All My Sons

Arthur Miller’s “All My Sons” at the Waldron is a fine thoughtful play with some magnificent acting. “All My Sons” is the story of a man who came back from World War II looking for a better world and how he reacted to what they found. It’s also the story of the dirtiest realities of that world. And, it’s also about love and hope and reconciliation.

In the Keller family, two sons; Chris, played by Brent Burcroff , and Larry went to the war. Larry was engaged to marry Anne Deever, played by Stephanie Harrison. Anne is the daughter of Chris and Larry’s dad, Joe Keller’ partner Stephen Deever. Only Chris came back. It’s been three and a half years and Larry is still missing. But their mother, Kate Keller played by Marcia Dangerfield can’t believe that Larry is dead.

During the war, the Keller family business grew on war contracts. Manufacturing in those years was a high-pressure enterprise and corners were cut. Some shoddy engine parts killed twenty-one pilots. Stephen got most of the blame and is still in jail, but Joe also did time.

Chris and Anne need to convince Kate Keller that Larry is dead so that they can get married. Anne’s brother George, played by Mike Price, is digging into the details of just what happened at the Keller plant. Later Chris has to probe them for himself.

The Detour Production does a superb job of unwinding the mystery of “All My Sons.” Richard Perez’s direction is so thoughtfully planned and realized that it is totally transparent. Things hold up well even in the final act when Arthur Miller spends a little too much time hammering his theme of family having to include the world. Mark McIntyre does a wonderful job of making Joe Keller the most winning of characters, but doesn’t shirk on showing the important bit of his dark self-delusion. Kate Keller is a great character. Despite her delusion, she’s a woman of immense and powerful maternal love. In one of the play’s great scenes, a very determined George arrives to confront Joe. Kate simply wraps him in her love. Mike Price, as the hesitant George, made this a tour de force. Marcia Dangerfield was awesome.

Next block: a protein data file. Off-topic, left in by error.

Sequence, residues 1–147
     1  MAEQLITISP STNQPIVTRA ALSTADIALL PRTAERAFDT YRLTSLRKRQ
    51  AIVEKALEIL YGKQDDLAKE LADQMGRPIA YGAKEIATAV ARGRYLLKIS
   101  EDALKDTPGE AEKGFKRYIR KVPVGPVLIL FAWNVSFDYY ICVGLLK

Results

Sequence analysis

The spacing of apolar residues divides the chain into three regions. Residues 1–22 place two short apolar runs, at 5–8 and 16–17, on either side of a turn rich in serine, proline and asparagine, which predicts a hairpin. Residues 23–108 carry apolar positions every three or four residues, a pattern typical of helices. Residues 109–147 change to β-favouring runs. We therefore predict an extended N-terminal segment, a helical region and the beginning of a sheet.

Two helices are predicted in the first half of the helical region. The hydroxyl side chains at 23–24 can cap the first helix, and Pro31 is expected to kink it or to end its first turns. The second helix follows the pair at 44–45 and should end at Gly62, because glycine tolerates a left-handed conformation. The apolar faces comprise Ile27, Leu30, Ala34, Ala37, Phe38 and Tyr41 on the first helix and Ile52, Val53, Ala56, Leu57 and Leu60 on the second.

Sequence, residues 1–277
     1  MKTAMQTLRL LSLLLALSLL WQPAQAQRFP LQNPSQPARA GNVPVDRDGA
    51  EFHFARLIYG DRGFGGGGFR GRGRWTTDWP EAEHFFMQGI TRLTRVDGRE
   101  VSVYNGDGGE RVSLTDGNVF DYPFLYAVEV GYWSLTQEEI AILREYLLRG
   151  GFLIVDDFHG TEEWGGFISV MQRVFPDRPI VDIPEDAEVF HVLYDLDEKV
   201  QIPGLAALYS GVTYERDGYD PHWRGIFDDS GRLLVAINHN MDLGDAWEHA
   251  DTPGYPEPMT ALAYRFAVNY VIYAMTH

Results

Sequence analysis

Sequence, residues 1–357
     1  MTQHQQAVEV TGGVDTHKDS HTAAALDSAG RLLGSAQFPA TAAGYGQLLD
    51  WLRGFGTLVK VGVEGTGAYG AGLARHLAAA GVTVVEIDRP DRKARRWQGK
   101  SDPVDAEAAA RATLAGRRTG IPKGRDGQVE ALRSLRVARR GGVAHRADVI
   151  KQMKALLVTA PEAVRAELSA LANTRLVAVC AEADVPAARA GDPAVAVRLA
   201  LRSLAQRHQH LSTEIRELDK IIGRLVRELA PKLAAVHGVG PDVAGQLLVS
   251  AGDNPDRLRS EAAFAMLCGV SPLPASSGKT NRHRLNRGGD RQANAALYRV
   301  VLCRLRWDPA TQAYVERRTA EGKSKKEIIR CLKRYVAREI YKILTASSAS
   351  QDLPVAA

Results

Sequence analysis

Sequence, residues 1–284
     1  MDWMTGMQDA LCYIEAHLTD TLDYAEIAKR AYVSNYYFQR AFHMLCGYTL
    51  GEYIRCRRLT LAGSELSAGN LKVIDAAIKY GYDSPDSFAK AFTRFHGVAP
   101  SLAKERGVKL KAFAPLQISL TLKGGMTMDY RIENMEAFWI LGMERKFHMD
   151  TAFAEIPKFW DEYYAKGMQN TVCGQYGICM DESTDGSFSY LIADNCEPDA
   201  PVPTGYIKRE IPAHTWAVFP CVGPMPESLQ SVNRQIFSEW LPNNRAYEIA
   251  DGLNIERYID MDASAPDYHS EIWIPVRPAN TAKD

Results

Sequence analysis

Sunday afternoon at the John Waldron Arts Center the heat was off. Outside the temperature was in the teens and inside it wasn’t much warmer. The cast wanted to play Arthur Miller’s “All My Sons” and nine or ten of us wanted to see it. The cast was dressed for a warm fall day in light clothing. The audience looked equipped for Polar Regions with coats, hats and gloves. “All My Sons” was just great. At the end all nine of us in the audience gave the ten-member cast a standing ovation thanking them for a wonderful afternoon of theatre and the cast gave us a standing ovation for sitting it out.

Parts for the heating system are on order and things should be comfortably warm for the remainder of the production.

Arthur Miller’s “All My Sons” plays Friday and Saturday nights at eight and Sunday at two through February first.

George Walker

After completing an M.A.T. degree in English at Indiana University, George Walker began announcing for WFIU in 1967. Along with regularly hosting classical music shows, he interviews artists and reviews plays and operas.

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